From October 2000 to September 2001, the Gardens’ rental revenue nearly tripled: to $1.4 million, up from $621,400 for the same period the year before.
Last year, the Gardens was the site of 1,604 events.
The 7,054-square-foot Grand Room is the largest of the Gardens’ 10 rental facilities and its easiest sell for weekend events, said Stacie Niedzwiecki, director of hospitality services.
Add in the Atrium and add another 2,670 square feet.
“We book up right away for all the weekends because of the weddings. We do an enormous amount of wedding business here,” she said.
“The Grand Room is always the one that gets filled up first on the weekends. But the other rooms fill up as we go and they’re holding their own next to the Grand Room as well.”
Most of Friday and Saturday rentals are for weddings, and the other days of the week, it’s a mixture of social and business-related functions, Niedzwiecki said.
The Grand Room, one of the largest rooms available for rent in Grand Rapids, features floor-to-ceiling windows overlooking the gardens.
It opened for business in October 2000 and was part of a 65,000-square-foot expansion that more than doubled the size of the Gardens’ facility.
The Gardens’ hospitality staff subsequently expanded from about 15 to 85 employees to handle the growth.
The Grand Room can accommodate 850 people seated theater style for a convention or seminar, or 660 in a dinner-style arrangement. The room also can be divided to accommodate groups that are those sizes.
The room has a pair of built-in bars and an audiovisual system with two 16-foot video screens that lower from the ceiling.
It currently rents for $1,000 to $2,400, depending on the number of hours rented and the day of the week rented. Friday and Saturday evening rates are highest.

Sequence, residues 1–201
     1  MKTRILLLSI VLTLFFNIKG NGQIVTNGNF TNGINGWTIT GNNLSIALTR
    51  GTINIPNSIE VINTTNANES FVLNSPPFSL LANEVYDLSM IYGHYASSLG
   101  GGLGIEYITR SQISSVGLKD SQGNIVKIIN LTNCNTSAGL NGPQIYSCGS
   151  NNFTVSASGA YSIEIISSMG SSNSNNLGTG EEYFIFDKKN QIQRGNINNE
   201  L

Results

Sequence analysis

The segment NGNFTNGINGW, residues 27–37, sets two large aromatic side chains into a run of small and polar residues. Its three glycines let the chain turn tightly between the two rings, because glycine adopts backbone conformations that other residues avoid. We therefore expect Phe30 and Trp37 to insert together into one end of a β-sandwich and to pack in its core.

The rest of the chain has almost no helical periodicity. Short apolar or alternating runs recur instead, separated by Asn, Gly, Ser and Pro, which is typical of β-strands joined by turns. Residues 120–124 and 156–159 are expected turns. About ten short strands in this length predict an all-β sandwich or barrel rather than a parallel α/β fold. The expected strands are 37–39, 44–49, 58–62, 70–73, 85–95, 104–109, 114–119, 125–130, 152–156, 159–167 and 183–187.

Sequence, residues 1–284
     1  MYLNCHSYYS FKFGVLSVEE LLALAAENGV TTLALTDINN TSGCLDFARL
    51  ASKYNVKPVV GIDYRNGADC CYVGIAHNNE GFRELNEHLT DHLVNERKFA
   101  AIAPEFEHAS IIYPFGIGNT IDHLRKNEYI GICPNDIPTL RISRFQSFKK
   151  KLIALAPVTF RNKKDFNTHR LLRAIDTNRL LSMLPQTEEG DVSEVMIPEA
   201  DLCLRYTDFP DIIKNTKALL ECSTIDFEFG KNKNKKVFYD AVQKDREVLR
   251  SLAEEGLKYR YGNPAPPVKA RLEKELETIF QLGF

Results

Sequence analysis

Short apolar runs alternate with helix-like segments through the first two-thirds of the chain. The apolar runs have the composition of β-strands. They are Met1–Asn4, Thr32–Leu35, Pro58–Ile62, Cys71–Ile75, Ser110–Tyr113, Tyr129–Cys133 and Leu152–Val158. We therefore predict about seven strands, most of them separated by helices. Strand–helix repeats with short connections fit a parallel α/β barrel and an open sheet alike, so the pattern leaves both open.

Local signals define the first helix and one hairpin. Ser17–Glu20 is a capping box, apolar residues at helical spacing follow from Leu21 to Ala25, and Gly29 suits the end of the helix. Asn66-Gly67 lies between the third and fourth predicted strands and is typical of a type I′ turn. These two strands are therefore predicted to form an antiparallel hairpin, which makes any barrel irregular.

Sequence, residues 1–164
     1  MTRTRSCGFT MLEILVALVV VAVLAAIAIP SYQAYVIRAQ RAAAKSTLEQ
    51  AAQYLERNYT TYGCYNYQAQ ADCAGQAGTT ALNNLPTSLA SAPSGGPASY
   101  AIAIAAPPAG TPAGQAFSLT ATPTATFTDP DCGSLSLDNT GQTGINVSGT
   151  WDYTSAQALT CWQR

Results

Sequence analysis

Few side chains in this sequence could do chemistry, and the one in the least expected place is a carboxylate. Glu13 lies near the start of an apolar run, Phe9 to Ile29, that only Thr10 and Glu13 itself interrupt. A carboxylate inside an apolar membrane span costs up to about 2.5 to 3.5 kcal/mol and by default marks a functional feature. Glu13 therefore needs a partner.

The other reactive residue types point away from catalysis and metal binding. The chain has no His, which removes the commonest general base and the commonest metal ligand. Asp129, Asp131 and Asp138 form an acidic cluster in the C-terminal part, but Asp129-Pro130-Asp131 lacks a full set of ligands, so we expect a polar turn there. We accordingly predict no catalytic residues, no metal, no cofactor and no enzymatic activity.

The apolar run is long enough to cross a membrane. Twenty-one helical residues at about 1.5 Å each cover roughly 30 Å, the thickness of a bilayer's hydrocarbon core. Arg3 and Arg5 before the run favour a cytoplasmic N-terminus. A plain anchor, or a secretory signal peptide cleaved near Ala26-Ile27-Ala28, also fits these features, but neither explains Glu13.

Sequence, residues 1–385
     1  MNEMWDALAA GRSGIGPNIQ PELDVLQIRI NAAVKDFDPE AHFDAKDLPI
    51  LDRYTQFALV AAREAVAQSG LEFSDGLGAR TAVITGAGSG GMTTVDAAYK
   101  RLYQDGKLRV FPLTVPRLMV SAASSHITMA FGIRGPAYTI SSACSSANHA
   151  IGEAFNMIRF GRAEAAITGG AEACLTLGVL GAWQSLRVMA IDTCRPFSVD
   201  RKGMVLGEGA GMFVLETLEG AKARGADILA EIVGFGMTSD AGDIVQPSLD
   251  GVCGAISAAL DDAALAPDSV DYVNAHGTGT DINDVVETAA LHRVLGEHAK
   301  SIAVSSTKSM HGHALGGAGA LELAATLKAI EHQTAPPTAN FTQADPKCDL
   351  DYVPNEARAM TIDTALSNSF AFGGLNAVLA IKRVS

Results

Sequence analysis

Other rental facilities include the Victorian Garden Parlor, Grace Jarecki Seasonal Display Greenhouse, Lena Meijer Conservatory, Hauenstein & Pfeiffer Rooms, and the Hoffman Family Auditorium.
Three lower-level conference rooms are available for small business meetings, seminars or parties of up to 90. The three rooms also can be combined to accommodate groups of up to 270.
Collectively, the Gardens’ rental facilities enclose 122,145 square feet of space. In fact, the entire building can be rented for $3,000 to $3,500.
The facility includes a 120-seat restaurant known as A Taste of the Gardens Café, one of seven designated caterers for onsite food and beverage service at the Gardens. The facility also houses two gifts shops and a library.
All facility rentals include access to the specialty gardens and sculpture park.
Niedzwiecki said about half of the people attending events take advantage of those attractions.
“The business people often don’t have time. They come and attend short programs; they’re here and they’re gone. If it’s more of a social function that’s related to business, then they may.”
The Gardens opens for bookings every January for the following year, so bookings can be made as far as two years out.
People calling for reservations in January, for instance, would have all of that year’s as well as all of the following year’s available booking dates to choose from.
The Gardens’ facilities also are used for internal activities, such as membership events, lecture series and classes.
Internal events represent about a third of the Gardens’ events, or about 40 per month, Niedzwiecki said.
As those activities continue to expand, they take up space.
In January, for example, a large glass sculpture exhibit will be installed in the Grand Room and Atrium space and will effectively block rental of those spaces for three weeks.
Similarly, when the Gardens’ education department opens up a new series of classes, the Grand Room or another room is used.
“That impacts our rental business, which impacts number of events and number of revenue dollars,” Niedzwiecki explained. “People aren’t seeing the whole picture because there’s a mission-related reason.”
While those internal offerings remove some options for external rental business, they live up to the Gardens’ mission of educating the community about plants, the environment and art, Niedzwiecki pointed out.
“The Gardens is such a unique venue. It’s not like any other institution around Grand Rapids and that (mission) really needs to be part of the picture.”